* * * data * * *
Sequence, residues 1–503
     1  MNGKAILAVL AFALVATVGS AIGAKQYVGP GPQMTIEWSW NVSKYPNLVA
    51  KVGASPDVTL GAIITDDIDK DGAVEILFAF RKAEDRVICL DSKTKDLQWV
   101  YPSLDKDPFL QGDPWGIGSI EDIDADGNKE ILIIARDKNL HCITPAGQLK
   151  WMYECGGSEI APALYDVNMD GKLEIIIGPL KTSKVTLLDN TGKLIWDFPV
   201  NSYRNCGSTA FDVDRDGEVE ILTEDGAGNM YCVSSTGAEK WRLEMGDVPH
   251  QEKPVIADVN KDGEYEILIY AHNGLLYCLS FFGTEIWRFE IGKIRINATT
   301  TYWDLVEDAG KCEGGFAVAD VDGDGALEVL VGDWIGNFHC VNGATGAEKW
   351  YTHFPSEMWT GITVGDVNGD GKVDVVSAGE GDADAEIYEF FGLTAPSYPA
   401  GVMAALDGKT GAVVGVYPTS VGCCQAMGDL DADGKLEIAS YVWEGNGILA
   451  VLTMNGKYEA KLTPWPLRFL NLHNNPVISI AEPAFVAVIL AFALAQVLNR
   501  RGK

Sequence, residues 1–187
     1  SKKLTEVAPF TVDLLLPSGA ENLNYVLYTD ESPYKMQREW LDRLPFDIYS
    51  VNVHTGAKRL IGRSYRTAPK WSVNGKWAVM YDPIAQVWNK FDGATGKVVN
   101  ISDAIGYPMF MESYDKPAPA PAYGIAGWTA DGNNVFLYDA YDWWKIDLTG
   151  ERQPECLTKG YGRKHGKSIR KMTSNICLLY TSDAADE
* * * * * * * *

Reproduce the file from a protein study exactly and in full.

Sequence, residues 1–503
     1  MNGKAILAVL AFALVATVGS AIGAKQYVGP GPQMTIEWSW NVSKYPNLVA
    51  KVGASPDVTL GAIITDDIDK DGAVEILFAF RKAEDRVICL DSKTKDLQWV
   101  YPSLDKDPFL QGDPWGIGSI EDIDADGNKE ILIIARDKNL HCITPAGQLK
   151  WMYECGGSEI APALYDVNMD GKLEIIIGPL KTSKVTLLDN TGKLIWDFPV
   201  NSYRNCGSTA FDVDRDGEVE ILTEDGAGNM YCVSSTGAEK WRLEMGDVPH
   251  QEKPVIADVN KDGEYEILIY AHNGLLYCLS FFGTEIWRFE IGKIRINATT
   301  TYWDLVEDAG KCEGGFAVAD VDGDGALEVL VGDWIGNFHC VNGATGAEKW
   351  YTHFPSEMWT GITVGDVNGD GKVDVVSAGE GDADAEIYEF FGLTAPSYPA
   401  GVMAALDGKT GAVVGVYPTS VGCCQAMGDL DADGKLEIAS YVWEGNGILA
   451  VLTMNGKYEA KLTPWPLRFL NLHNNPVISI AEPAFVAVIL AFALAQVLNR
   501  RGK

Sequence, residues 1–187
     1  SKKLTEVAPF TVDLLLPSGA ENLNYVLYTD ESPYKMQREW LDRLPFDIYS
    51  VNVHTGAKRL IGRSYRTAPK WSVNGKWAVM YDPIAQVWNK FDGATGKVVN
   101  ISDAIGYPMF MESYDKPAPA PAYGIAGWTA DGNNVFLYDA YDWWKIDLTG
   151  ERQPECLTKG YGRKHGKSIR KMTSNICLLY TSDAADE